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Learn You a Functional Programming for Great Good!

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Level of knowledge required: This article requires some programming background to be fully understood.


I am sure you have noticed the silly syntax in this article's title. It is inspired by a popular introductory book for the Haskell language, called “Learn You a Haskell for Great Good!” [1]. Which could probably be perceived as “Learn Haskell for great benefit”. Haskell is one of the so-called purely functional programming languages. Or more precisely, almost purely functional.

But is there a benefit in learning Haskell or - even more - functional programming? Absolutely. I strongly believe that learning Functional Programming can make you a better developer.

Starting with some basics


Functional programming is a declarative paradigm of building software by composing pure functions, avoiding shared state, mutable data and side-effects.

In short, functional programming is a catch-all term for a way of writing code that is focused on composing pure functions, actually using the innovations in type systems made in the last few decades, and overall being awesome [2].

Functional languages emphasize expressions and declarations rather than the execution of statements. Therefore, unlike other procedures which depend on a local or global state, value output in FP depends only on the arguments passed to the function.

Pure Functions

A pure function [3] is a function which:

  • Given the same input, always return the same output.
  • Has no side-effects (immutable)


Unfortunately, understanding FP in depth requires knowledge of math and computability theory. In the core of functional programming lies the lambda calculus. The first and purest functional programming language.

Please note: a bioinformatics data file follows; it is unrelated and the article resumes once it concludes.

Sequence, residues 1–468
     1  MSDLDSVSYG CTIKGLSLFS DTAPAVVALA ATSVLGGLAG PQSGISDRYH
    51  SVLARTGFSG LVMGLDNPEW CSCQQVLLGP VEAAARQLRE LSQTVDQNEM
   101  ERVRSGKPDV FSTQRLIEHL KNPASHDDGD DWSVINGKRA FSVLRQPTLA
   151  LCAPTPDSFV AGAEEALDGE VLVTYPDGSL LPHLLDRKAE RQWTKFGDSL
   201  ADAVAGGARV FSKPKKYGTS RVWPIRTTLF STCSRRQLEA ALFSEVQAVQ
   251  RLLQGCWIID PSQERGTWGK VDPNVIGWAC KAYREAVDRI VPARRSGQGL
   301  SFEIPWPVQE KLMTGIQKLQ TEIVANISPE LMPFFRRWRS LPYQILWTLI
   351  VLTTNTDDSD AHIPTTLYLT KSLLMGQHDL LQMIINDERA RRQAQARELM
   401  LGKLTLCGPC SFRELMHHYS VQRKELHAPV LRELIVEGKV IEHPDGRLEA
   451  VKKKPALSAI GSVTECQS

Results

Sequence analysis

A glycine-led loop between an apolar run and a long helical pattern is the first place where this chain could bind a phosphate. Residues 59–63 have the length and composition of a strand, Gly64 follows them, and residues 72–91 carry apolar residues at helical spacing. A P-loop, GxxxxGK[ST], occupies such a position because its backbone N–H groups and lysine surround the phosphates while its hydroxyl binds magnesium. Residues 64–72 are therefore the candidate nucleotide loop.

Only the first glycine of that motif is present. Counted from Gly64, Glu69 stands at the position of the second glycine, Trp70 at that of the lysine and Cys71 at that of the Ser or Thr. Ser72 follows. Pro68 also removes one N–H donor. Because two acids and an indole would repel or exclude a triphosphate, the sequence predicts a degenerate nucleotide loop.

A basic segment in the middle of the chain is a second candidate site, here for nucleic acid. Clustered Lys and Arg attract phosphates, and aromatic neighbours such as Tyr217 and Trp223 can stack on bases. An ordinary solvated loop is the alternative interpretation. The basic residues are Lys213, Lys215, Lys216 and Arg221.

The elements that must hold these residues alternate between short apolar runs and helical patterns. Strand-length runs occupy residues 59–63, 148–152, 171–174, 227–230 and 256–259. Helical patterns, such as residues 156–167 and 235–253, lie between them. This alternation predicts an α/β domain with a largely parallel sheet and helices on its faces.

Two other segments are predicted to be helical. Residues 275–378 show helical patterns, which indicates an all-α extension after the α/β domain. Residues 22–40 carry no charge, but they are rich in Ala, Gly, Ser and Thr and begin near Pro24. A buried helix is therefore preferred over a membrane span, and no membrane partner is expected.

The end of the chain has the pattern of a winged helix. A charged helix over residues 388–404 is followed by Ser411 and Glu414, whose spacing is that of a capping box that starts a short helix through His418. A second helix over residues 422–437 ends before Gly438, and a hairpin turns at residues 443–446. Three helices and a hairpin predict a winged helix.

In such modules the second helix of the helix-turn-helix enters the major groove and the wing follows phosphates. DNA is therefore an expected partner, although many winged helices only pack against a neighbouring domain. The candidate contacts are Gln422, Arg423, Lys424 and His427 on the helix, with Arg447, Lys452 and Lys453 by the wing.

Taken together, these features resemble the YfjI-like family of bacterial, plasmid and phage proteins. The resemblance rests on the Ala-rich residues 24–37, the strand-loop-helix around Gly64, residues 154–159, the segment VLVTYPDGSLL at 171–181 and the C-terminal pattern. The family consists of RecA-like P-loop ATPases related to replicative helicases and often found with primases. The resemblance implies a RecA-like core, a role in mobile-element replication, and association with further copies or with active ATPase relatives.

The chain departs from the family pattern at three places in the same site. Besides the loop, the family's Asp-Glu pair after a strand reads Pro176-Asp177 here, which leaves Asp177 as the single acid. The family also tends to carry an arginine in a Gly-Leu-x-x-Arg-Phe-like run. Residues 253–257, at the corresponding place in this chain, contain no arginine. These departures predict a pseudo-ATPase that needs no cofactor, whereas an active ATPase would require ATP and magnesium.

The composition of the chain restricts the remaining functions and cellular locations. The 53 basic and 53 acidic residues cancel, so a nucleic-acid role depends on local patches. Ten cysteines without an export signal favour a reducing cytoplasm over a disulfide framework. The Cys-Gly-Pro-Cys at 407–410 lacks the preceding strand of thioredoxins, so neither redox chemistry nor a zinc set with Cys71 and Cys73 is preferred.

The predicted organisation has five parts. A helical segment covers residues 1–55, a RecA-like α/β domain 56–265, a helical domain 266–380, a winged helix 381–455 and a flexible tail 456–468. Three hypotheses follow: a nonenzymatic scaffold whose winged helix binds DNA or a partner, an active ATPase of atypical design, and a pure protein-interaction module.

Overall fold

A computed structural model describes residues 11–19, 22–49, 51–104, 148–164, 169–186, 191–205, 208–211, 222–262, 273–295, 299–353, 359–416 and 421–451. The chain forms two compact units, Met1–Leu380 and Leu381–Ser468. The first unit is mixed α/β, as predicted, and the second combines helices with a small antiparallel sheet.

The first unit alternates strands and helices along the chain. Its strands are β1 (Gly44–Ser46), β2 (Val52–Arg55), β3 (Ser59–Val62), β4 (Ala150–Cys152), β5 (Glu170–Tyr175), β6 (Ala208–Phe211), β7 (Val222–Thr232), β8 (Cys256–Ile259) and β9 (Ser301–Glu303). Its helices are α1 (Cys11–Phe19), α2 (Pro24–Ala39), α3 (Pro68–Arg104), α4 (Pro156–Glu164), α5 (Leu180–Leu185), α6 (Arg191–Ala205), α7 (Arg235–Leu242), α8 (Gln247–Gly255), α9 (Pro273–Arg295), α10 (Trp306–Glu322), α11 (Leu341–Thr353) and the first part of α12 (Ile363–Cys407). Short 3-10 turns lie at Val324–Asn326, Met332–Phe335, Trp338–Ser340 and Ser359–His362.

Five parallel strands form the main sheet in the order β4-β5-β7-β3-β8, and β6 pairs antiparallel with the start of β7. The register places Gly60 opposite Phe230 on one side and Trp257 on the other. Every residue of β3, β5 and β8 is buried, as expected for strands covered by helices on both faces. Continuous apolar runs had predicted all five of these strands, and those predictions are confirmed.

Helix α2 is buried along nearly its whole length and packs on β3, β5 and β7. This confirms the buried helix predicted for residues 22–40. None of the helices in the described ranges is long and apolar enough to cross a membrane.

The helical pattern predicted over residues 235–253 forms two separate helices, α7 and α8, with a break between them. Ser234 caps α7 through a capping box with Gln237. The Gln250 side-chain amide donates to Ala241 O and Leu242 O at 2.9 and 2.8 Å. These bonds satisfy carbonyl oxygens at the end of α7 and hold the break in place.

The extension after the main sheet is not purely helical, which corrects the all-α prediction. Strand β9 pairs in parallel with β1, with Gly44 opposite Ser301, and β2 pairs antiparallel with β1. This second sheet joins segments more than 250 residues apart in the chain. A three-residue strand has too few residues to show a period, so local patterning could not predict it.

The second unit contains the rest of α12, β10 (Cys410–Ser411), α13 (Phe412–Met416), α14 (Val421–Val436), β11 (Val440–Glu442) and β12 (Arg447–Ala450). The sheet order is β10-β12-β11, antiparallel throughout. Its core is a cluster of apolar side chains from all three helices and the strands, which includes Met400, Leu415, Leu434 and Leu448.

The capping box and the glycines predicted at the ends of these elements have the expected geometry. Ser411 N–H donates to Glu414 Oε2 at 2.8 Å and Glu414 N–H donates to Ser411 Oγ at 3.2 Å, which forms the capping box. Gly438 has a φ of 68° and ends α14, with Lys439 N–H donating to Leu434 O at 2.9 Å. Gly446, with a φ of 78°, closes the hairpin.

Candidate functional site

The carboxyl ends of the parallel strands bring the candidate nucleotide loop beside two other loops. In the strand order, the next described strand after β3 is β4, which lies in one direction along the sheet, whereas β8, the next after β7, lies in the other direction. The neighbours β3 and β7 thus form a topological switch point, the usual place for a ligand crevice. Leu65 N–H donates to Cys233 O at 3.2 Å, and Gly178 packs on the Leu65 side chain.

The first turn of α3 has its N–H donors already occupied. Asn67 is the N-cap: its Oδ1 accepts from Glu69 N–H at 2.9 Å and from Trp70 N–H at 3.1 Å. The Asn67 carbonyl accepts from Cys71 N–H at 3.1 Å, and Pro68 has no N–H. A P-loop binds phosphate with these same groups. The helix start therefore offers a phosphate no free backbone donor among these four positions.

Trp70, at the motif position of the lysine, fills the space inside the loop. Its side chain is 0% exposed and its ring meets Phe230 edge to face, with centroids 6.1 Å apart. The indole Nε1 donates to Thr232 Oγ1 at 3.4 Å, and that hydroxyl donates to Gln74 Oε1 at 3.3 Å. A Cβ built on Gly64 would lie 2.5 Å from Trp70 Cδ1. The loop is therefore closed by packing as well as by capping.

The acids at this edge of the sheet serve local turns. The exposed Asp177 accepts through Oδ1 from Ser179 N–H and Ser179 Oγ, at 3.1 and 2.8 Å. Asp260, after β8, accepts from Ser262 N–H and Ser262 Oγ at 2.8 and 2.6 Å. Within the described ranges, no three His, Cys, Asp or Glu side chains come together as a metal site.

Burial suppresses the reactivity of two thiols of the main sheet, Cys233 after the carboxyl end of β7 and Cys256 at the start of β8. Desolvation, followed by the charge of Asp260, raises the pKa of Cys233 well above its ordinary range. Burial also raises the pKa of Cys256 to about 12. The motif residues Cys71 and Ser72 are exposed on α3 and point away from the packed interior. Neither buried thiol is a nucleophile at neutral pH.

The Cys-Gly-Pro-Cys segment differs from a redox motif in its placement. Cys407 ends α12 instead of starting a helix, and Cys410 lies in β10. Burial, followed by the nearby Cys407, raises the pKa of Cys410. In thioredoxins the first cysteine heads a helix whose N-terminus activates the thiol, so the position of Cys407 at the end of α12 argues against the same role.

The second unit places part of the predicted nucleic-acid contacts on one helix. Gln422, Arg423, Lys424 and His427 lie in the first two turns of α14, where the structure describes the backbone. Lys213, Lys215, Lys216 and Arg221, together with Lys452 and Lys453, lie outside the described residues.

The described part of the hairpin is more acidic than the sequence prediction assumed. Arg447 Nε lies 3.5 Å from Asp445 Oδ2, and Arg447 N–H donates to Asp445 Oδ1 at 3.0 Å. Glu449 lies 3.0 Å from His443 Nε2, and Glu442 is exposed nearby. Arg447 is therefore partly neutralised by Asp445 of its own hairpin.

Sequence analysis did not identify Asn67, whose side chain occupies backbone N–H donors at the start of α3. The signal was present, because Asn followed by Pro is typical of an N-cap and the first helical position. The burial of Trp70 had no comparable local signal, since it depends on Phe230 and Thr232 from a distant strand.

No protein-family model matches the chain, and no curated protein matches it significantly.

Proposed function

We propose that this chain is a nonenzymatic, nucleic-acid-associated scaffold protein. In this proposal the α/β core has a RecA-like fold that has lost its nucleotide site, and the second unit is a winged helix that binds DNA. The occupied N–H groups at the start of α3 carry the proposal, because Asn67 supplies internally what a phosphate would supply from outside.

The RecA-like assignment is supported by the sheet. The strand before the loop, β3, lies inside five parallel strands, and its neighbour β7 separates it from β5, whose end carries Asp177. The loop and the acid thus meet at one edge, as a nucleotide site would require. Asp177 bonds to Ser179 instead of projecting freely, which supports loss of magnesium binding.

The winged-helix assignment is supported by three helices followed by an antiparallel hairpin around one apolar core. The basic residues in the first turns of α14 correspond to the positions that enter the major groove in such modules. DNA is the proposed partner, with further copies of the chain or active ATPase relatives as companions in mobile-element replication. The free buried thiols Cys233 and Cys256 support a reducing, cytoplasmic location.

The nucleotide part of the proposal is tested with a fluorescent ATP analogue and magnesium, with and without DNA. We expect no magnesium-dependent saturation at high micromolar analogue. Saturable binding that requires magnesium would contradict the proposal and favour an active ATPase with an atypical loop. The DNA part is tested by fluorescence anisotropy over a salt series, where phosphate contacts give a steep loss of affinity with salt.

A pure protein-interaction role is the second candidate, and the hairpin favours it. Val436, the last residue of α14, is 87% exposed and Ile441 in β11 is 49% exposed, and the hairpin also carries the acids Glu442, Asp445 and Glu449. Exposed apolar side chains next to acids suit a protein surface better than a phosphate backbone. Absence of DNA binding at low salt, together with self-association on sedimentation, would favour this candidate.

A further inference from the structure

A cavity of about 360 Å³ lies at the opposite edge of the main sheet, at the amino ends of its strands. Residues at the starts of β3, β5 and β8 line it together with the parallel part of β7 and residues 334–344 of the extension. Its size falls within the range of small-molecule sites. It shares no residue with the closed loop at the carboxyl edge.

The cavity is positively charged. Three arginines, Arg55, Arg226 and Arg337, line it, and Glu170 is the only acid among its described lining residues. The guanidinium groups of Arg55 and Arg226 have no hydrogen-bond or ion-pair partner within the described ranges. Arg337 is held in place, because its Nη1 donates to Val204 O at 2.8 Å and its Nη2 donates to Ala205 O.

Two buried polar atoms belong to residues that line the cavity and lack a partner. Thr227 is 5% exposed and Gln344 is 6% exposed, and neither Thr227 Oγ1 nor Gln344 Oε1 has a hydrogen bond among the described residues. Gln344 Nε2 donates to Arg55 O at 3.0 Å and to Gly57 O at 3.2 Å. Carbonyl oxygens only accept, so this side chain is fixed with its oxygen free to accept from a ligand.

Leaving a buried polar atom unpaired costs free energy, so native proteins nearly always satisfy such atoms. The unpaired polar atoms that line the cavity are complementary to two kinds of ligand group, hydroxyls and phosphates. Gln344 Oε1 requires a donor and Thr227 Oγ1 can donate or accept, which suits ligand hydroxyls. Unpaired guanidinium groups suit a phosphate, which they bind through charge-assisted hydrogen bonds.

For a fun introduction to Computability, watch this YouTube clip by the great Philip Wadler! About lambda calculus, there are numerous online resources.

Now let’s move to more practical aspects!

Pure and not so pure functional languages

Let’s be clear. All languages have side effects. Even Haskell, which is considered the purest of the modern languages. Side-effects are necessary to interact with the filesystem and other parts of the OS. However, the way these effects are handled and structured can help us decide about the purity of the language. For example, Haskell has a unique way of handling side-effects, with an abstraction called Monad. Wondering what Monad (or a monoid) is? Hmm, maybe we will discuss this in a future post.

Furthermore, some languages adopt functional features (like Java with lambdas) but are still mainly focused on a procedural/OOP programming style. While in others, pure functions are the main building block of the code. See Clojure, Scala, Elixir.

What languages shall I try?

Well, it wildly depends on your domain of interest! For front-end web development, Elm, Elixir, ReasonML, PureScript, and maybe ClojureScript are great options!